Preservation officer shares passion for preserving, protecting US Capitol

Mary Oehrlein, a preservation officer, shares history and ongoing efforts to protect the U.S. Capitol's legacy on Leaders and Legends in Government.

The Architect of the Capitol (AOC) has one mission that can be explained in three words: Serve, preserve and inspire.

On this week’s episode of Leaders and Legends in Government, host Aileen Black spoke with Mary Oehrlein, a historic preservation officer at AOC. Her position centers on serving Congress, preserving about 15 different buildings — including the Capitol, congressional office buildings, Library of Congress buildings and the Supreme Court’s two buildings — and inspiring the people who visit the buildings and those who work in them.

Mary Oehrlein, historic preservation officer, Architect of the Capitol

“It’s really my responsibility to protect what we call culture heritage assets. Most of the world speaks of them as historic resources, but the term that we use is a heritage asset,” Oehrlein said. “And it’s my job to try to keep them, as I say, intact and available for future generations, not for 100 years, but 500 years or longer. It’s important that future generations see the same thing that we see.”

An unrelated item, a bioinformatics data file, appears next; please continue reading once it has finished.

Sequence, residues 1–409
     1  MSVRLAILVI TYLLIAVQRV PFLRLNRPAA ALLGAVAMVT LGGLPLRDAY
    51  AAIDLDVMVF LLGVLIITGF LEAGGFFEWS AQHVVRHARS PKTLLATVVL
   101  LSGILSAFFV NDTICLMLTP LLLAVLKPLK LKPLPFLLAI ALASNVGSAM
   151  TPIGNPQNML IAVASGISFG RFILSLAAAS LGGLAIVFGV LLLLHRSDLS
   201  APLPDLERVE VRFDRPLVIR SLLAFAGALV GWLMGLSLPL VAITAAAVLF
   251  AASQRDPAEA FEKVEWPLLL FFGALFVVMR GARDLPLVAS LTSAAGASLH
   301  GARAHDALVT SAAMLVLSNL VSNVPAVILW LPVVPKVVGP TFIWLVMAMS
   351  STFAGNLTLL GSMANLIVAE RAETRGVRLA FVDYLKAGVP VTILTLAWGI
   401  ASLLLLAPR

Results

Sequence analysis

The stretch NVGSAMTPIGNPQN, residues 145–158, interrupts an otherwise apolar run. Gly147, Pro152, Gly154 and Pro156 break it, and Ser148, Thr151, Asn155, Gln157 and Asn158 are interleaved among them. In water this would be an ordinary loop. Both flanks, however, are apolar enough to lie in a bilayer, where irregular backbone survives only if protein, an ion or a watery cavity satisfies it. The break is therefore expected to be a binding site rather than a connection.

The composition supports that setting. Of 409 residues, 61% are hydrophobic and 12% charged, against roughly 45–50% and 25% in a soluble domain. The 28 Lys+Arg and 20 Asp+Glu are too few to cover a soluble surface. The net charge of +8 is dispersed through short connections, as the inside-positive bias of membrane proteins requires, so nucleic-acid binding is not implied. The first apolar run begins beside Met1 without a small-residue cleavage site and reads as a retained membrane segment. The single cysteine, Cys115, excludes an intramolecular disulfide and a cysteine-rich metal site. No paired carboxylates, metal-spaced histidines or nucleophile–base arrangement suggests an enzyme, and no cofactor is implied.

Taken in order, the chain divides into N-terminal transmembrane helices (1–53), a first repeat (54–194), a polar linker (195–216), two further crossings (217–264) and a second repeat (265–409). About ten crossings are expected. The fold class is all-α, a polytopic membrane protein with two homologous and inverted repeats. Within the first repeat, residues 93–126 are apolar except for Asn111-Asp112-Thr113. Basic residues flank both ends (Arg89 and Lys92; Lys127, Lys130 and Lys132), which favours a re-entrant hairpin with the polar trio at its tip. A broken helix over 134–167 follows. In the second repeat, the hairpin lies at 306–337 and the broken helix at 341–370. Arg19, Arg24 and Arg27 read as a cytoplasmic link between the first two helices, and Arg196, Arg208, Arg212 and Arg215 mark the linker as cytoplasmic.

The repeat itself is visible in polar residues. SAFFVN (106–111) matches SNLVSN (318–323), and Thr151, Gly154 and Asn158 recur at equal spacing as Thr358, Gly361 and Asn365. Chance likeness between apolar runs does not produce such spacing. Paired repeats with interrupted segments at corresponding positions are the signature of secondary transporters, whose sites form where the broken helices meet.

In fact, the U.S. Capitol Building has been under continuous construction since 1793, excluding a gap between 1828 and 1850. Some of that work has even been done in the middle of the night.

“This is a functioning office building. It is where Congress meets nearly every day. Even when they’re not in session, the offices are busy [and] the committee rooms are busy,” she said. “So for us to make noise during the day in construction activities is very disruptive to the business of our country … It’s a bit of a balancing act and it makes our projects a little bit slower and more costly, but it’s important and it needs to happen … [but] we can’t stop the business of Congress”

How did she land her current job? After studying architecture in school and running her own award-winning firm, she said she was just ready to try something different.

On this episode, she also discussed the historical significance of D.C. as the nation’s capital, the competition that ultimately resulted in the Capitol Building’s design and some of her favorite stories regarding the building including violent attacks, myths of potential ghosts in the tunnels and about how different artistic elements ended up there.

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